There has been a lot of discussion recently about the removal of paper from business processes, and for good reason. Recent statistics suggest that the United States, which has roughly five percent of the world’s population, uses about forty percent of the world’s paper. In addition to environmental concerns (a significant amount of lumber goes directly into the production of paper and nowhere else), there are also economic and practical business concerns with the use (or overuse, as some people say) of paper.
How many documents are lost on or between workers’ desks and are then forgotten and thrown out later? How many millions of pounds of paper are printed out as documents and forms that just sit around in filing cabinets? How much time could workers save by doing away with physical filing systems entirely and just giving them an electronic archive with a search function? Paperless business seems like an obvious move as we go further into the twenty first century, but what about email?
Surely, what many people refer to as a revolutionary technology for business must have some staying power. And yet, there are people who are calling for the replacement or removal of email in business contexts. The reasons for this are pretty numerous and varied. Throughout this article, we will talk about the problems with email in businesses, how it relates to paperless offices, and what solutions related to document sharing, secure transfer, file sharing, and other new technological developments people are proposing as replacements for email.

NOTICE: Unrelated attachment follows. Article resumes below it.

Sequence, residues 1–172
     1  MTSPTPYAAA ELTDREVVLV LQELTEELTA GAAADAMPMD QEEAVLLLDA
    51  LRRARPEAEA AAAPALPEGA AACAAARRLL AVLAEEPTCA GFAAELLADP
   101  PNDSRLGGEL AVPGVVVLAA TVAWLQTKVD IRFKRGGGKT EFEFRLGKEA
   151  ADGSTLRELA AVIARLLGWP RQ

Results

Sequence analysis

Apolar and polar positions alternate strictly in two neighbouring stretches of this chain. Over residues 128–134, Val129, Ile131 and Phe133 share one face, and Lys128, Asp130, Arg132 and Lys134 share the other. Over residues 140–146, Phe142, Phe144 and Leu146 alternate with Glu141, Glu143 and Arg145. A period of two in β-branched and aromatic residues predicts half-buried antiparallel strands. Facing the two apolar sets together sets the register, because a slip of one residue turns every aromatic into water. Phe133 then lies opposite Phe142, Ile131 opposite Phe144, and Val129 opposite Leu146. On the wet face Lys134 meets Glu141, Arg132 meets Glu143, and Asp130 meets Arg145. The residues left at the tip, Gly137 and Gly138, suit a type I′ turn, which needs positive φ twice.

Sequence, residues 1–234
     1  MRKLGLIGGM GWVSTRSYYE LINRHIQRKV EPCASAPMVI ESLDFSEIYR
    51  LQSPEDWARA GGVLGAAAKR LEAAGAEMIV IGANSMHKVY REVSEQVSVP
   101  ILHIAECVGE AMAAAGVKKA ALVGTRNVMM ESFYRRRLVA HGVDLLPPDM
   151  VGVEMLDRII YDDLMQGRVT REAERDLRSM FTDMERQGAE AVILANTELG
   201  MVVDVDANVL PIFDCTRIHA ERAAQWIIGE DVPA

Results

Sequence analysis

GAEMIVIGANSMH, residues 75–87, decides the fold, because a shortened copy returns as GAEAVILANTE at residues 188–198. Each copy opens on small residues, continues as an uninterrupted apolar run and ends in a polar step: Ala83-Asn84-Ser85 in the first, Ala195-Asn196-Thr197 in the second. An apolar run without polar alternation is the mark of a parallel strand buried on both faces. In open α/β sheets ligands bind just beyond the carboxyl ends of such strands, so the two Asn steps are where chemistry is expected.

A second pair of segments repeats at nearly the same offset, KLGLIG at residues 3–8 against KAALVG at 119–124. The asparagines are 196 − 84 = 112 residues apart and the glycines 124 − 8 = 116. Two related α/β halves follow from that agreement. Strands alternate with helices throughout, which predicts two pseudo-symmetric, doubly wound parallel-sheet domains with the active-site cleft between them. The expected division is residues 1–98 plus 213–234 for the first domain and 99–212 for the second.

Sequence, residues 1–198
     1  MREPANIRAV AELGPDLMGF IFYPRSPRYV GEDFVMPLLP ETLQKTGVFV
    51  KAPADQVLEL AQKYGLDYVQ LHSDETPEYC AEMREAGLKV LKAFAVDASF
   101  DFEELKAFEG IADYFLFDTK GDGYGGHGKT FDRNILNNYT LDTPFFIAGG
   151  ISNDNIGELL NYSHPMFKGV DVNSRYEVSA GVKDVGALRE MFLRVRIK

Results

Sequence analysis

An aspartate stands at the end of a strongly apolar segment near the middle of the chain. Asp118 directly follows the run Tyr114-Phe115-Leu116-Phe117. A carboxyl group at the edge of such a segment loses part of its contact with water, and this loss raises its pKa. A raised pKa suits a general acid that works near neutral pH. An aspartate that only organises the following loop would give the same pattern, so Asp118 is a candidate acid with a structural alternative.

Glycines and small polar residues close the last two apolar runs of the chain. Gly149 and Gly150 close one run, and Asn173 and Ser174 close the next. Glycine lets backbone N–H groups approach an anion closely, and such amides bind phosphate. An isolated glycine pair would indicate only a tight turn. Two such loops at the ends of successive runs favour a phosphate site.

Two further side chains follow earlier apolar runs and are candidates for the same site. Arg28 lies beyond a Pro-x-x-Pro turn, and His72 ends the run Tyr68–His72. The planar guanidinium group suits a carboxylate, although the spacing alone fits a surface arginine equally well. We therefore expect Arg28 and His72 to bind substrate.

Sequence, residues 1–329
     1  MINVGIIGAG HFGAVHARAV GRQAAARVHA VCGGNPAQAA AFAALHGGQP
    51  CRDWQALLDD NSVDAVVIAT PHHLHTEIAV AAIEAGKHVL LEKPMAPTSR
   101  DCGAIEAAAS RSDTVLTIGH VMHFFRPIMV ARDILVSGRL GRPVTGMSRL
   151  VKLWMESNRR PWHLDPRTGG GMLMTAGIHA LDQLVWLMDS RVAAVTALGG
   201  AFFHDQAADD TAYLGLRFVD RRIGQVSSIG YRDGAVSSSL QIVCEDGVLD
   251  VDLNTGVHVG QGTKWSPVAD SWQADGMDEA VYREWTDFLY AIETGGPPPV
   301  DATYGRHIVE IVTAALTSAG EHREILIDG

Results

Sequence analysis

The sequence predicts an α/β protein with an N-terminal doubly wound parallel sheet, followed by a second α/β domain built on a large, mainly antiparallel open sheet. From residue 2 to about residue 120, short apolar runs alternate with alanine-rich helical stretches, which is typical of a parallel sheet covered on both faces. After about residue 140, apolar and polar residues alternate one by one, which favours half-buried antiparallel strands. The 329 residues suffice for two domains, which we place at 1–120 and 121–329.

Problems with Email
One of the problems that some people identify with email is that it is actually too efficient. Especially in a world where smart phones, data plans, and mobile technology are so prevalent, it is very easy to check your email at almost any time in almost any place. A study group from the United Kingdom led by a distinguished psychologist, Sir Cary Cooper, has suggested that the compulsion for workers to check their work emails at night, at home, on weekends, and on holidays or vacations is actually a bad thing in the long run. Sure, it might mean that an individual worker gets a particular task done more quickly, but it can also be harmful to one’s mental health and family life.
Leaving the psychology side of things behind for now, there is also evidence that suggests that email is overused from a business perspective. Most workers’ email boxes are flooded with emails of varying importance, and workers end up spending a lot of time just managing the numerous emails that come their way—certainly, many are important and vital to their jobs, but many are also ancillary, unnecessary, or even entirely pointless. Email management mistakes, unhelpful technology, and program bugs can also slow down work processes. It’s for these kinds of reasons that many people are becoming more skeptical of email’s utility as a business tool, and instead are proponents of integrating email messaging with some kind of document management or file sharing system.
Document Management Systems Offer a Solution
So, how do you solve some of the problems of email without sacrificing its undeniable usefulness as a business tool? One of the proposed solutions that a lot of companies are beginning to embrace is the idea of a messaging system or email account that is integrated within a document management system (DMS) like eFileCabinet’s Secure Drawer.
Secure Drawer is a client portal program that is primarily used for the secure transfer of encrypted documents with sensitive information, but also interacts with document management and workflow systems. This means that managers have a better idea of how and when their workers are accessing work information. It also means that the kind of emails that are being sent are also visible to managers. Since this kind of email system is more protected, it is easier to direct workflow in a more structured way. It can also protect against spam and present messages in a way that is less stressful, more organized, and overall better for business and the mental health of employees. In answer to the original question, will email ever be replaced entirely by encrypted DMS file sharing portals, we hope so!